For two decades, SSA Professor Deborah Gorman-Smith has been studying and working in communities to combat youth violence, and she has seen a lot of programs fail. So it was with great pleasure that the director of the Chicago Center for Youth Violence Prevention (CCYVP) unveiled the early results of her latest study to the Centers for Disease Control last year: Chicago’s Humboldt Park neighborhood, which historically had homicide rates three times higher than the city average, had shown a drop in those rates by 50 percent from 2010 to 2013. Similar high-crime Chicago neighborhoods showed little to no decrease over the same period.
The difference is in three significant programs run through or with CCYVP, one of six National Academic Centers of Excellence funded by the Centers for Disease Control to research youth violence prevention programs. First, CCYVP partnered with CeaseFire, which practices direct intervention with gang violence, to help efforts in community outreach. In addition, the center staffed workers at Orr High School to work on reducing school drop-out rates and in transitioning students out of the juvenile justice system and back into school.
The other programs were targeted at Humboldt Park families with much younger children. “The big picture model is that we are implementing a coordinated and comprehensive set of programs that thinks about kids and families across developmental stages and different levels of risk,” Gorman-Smith explains. “That’s a big part of why we partner with CeaseFire. They target the highest risk kids at the older developmental stage.”
CCYVP created and runs the SAFE Children (Schools and Families Educating Children) and GREAT Families programs, interventions for at-risk first graders and at-risk sixth graders respectively. “We are particularly interested in engaging parents and families prior to the age where kids are at the point where they need CeaseFire,” Gorman-Smith says. “The goal is to someday put CeaseFire out of business—that’s their goal, too.”
SAFE Children and GREAT Families convene groups of four to six families who live near each other and whose children attend the same schools. They meet together with facilitators to address parenting and family issues in an inner-city context, such how to keep kids safe, healthy and, especially, in school. The focus is on improving parenting and family functioning. “Our data have shown that families living in these neighborhoods, even in close proximity, tend to be very isolated from each other in terms of social support,” Gorman-Smith says. “[We] bring people together to use each other and services in the neighborhood, to teach them lifelong help-seeking skills.”
Historically, many interventions in communities with high rates of crime and violence focused on individuals, but Gorman-Smith notes that research suggests that interventions targeting families and communities have higher positive impact. “The goal is population-level and neighborhood-level decreases in violence,” she says. “We are hoping that by intervening with the highest-risk kids and families that we can have an ecological impact on the neighborhood.”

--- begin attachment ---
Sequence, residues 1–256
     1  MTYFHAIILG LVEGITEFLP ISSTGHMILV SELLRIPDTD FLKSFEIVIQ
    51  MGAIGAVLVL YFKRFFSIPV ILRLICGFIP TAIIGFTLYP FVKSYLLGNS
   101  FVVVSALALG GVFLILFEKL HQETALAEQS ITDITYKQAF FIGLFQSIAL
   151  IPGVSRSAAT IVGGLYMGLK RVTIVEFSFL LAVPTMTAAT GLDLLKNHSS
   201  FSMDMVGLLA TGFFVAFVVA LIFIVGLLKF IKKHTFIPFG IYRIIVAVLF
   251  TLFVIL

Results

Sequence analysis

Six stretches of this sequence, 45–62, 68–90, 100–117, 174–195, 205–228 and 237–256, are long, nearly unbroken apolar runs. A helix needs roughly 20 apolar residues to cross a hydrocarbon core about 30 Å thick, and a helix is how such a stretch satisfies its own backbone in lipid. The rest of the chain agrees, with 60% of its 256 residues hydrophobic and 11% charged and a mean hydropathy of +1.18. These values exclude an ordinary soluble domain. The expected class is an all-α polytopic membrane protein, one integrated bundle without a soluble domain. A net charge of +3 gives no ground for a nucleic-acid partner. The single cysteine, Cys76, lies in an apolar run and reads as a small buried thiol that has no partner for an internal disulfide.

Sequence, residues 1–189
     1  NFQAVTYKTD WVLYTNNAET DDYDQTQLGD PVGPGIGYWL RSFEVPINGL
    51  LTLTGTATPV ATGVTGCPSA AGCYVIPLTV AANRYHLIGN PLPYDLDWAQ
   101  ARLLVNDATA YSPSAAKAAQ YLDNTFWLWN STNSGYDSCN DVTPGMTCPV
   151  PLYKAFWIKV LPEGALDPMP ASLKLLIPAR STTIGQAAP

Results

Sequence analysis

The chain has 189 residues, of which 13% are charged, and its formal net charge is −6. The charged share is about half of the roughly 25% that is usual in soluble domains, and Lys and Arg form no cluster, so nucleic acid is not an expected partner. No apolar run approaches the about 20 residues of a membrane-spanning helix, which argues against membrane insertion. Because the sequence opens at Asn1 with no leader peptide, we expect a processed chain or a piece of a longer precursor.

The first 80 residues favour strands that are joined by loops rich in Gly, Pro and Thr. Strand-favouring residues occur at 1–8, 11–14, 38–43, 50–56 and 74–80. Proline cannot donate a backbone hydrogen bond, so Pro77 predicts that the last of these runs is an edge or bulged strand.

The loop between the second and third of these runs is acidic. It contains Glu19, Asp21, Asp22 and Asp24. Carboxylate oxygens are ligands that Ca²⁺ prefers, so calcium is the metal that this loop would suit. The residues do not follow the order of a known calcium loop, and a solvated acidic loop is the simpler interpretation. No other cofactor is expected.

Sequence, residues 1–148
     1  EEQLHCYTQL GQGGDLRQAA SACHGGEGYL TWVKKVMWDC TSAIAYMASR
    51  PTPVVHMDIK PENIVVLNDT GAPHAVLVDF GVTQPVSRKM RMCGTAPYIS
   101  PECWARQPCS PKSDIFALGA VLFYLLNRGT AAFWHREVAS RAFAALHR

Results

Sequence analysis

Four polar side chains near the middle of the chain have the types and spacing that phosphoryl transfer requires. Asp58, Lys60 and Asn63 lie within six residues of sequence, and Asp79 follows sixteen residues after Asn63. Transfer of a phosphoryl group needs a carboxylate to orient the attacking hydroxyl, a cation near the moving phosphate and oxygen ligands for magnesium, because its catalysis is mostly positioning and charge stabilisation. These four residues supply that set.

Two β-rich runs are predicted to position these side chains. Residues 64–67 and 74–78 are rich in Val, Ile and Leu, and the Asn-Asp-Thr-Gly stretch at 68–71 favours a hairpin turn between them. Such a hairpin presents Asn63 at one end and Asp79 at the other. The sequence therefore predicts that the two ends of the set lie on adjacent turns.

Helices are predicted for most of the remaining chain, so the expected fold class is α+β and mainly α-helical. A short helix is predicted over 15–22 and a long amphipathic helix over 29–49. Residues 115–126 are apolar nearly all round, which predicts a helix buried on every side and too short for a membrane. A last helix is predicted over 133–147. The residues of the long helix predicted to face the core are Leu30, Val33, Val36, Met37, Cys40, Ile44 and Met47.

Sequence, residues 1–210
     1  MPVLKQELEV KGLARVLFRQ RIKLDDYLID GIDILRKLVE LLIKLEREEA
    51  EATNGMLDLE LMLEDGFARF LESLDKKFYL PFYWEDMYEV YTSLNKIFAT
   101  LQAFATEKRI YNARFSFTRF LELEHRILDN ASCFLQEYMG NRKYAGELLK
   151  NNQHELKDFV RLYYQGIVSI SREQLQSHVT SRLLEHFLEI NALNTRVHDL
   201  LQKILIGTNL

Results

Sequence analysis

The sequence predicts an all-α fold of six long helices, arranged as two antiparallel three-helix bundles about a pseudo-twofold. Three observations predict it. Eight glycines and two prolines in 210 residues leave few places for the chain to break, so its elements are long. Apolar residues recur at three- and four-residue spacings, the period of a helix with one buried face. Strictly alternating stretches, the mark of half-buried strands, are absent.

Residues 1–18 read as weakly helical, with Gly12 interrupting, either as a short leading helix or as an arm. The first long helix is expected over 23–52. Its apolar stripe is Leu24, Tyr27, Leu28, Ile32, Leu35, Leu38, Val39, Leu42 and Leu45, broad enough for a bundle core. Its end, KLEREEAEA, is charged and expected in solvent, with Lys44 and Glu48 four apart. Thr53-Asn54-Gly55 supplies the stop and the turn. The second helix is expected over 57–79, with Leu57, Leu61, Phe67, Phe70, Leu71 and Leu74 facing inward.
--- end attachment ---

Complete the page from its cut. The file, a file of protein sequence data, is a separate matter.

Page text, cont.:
The results show that the programs did have success in lowering rates of violence beyond the participating students themselves. Studying the sixth graders targeted for interventions, Gorman-Smith found a decrease both in the individual kids’ risk and a decrease in overall incidents of aggression and violence in area schools. Sixth grade is considered a key moment developmentally before youth get involved in serious violence. “By changing those kids’ behavior we had an impact on the behavior of the kids around them. That’s an ecological impact,” she says.
CCYVP programs partner with other community services. Part of why the center chose Humboldt Park, where 32 percent of the population lives below the poverty line (Chicago citywide average is 18 percent), is because the neighborhood has active social services and community organizing resources. “We coordinate programs to avoid duplication and work with those agencies to focus efforts on programs that have a stronger evidence base,” Gorman-Smith says.
Gorman-Smith also notes that the Humboldt Park work stands on the shoulders of the evidence-based practices CCYVP has been studying and promoting for almost two decades. In that time, center staff have worked to get principals, teachers and community leaders to understand how randomized trials can identify effective interventions, and at the same time, make sure academic and government leaders pay attention to what these high-risk communities need. Her next target is Chicago’s Little Village neighborhood, where another pilot CCYVP program has launched.
“In the future,” she says, “we hope that what we do can subsist in the community when we leave. And then we will establish programs in other communities to evaluate what works in different kinds of situations.”
— Patti Wolter